# How does water sink works?

How does water sink works?

I tried to do the same thing but the water just stayed:

• Keep the extra length of pipe on the right pointing up - then fill it up and it'll work. Apr 2, 2017 at 17:47

This is a simple case of communicating vessels:

When water enters your sink, it raises the water level on the right side of the kink all the way up to the sink. This means that the water pressure on the right side of the pipe is greater than on the left side of the pipe. This imbalance is "not allowed", so the water level on the left side rises (therefore increasing the pressure on that side). If it could, it would rise up to the level of the water on the right side of the pipe. However, since the left side connects to the sewage column, the water merely drains away.

Once you close the faucet, the water on the right hand side will drop until it reaches an equilibrium with the left side.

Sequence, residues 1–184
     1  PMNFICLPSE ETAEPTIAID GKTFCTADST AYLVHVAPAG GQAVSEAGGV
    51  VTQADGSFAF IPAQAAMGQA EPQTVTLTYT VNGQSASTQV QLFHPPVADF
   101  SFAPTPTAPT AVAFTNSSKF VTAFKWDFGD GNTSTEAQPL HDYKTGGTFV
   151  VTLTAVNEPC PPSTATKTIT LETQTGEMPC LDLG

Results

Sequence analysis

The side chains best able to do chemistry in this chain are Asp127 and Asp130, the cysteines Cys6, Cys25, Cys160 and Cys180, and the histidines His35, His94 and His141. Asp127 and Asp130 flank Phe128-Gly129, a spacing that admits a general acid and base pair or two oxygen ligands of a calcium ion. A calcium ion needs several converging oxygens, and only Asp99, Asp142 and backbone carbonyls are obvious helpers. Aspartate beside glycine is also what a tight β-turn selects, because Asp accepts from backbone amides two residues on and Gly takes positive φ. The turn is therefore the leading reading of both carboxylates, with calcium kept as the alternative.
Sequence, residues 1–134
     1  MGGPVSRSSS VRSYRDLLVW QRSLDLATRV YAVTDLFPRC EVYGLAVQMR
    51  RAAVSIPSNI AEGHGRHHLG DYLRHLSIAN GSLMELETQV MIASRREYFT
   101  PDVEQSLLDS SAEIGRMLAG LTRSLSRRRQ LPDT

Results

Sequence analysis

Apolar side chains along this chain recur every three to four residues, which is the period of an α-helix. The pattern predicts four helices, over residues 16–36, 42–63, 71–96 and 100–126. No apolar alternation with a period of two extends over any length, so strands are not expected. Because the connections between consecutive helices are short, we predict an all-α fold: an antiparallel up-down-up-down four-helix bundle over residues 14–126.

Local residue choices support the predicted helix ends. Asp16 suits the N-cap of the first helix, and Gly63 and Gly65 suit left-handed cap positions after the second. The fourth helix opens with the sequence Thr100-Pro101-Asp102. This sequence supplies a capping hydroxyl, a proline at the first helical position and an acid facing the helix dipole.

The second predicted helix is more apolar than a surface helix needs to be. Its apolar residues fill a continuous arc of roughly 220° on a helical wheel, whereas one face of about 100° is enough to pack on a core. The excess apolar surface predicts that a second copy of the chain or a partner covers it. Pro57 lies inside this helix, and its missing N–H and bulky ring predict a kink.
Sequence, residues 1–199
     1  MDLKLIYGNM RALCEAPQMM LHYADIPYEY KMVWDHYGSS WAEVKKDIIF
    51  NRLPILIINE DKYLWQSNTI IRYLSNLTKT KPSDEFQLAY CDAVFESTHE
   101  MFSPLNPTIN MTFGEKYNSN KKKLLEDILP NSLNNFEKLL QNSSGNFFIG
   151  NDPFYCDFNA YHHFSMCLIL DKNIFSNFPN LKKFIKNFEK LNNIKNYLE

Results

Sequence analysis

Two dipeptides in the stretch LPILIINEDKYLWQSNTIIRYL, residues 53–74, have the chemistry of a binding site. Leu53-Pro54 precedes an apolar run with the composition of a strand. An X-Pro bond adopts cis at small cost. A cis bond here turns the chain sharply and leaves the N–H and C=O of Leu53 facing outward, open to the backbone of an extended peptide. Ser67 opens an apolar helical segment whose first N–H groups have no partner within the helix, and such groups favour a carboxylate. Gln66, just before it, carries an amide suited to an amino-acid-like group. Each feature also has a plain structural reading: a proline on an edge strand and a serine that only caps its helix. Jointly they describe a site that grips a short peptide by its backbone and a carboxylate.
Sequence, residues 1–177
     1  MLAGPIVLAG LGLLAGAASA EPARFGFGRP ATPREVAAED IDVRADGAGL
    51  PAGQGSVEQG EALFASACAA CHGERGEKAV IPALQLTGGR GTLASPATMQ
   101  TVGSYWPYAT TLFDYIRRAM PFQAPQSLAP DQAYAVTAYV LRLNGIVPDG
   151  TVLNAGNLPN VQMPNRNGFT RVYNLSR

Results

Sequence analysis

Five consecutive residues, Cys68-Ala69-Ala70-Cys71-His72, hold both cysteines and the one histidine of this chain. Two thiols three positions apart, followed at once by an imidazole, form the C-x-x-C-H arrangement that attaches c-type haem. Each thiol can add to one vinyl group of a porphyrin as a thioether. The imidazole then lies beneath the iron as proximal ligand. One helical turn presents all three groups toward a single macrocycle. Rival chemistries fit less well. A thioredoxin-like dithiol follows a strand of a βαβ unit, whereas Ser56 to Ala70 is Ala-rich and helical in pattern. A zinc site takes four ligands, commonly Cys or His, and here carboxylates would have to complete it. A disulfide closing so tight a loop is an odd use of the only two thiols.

What you tried with the flexible tubing didn't work because both the entrance and exit levels are the same. If you are putting water in from the left (as would seem to be the case), then lower the right side just a bit. When you add the water, it will fill the tubing up on both sides until it reaches an exit, which will be the now-lowered right side.

The purpose of the kink in the line is to keep some water in the dip. The reason being that any smell in the rest of the line will get trapped in the top part and not flow back through into the house.

• Yes, I get that, I've read an article about that... my question is, how does water keeps moving in an elevated pipe (see the first image)? Apr 2, 2017 at 17:24
• I think what you're asking about is "head pressure". When the column of water on the sink side is greater than the pressure (air + water height) on the drain side the system will equalize by draining water. Your second image system didn't work because the ratios of the heights weren't sufficient. Increase the height on the sink side and it will work. Apr 2, 2017 at 17:42
• I'm assuming it'd either be a pump on the non elevated side forcing the water up the pipe or there's a lower pressure on the top half that allows the high pressure to be attracted to the low pressure top half, which would cause it to flow upwards. Apr 2, 2017 at 17:43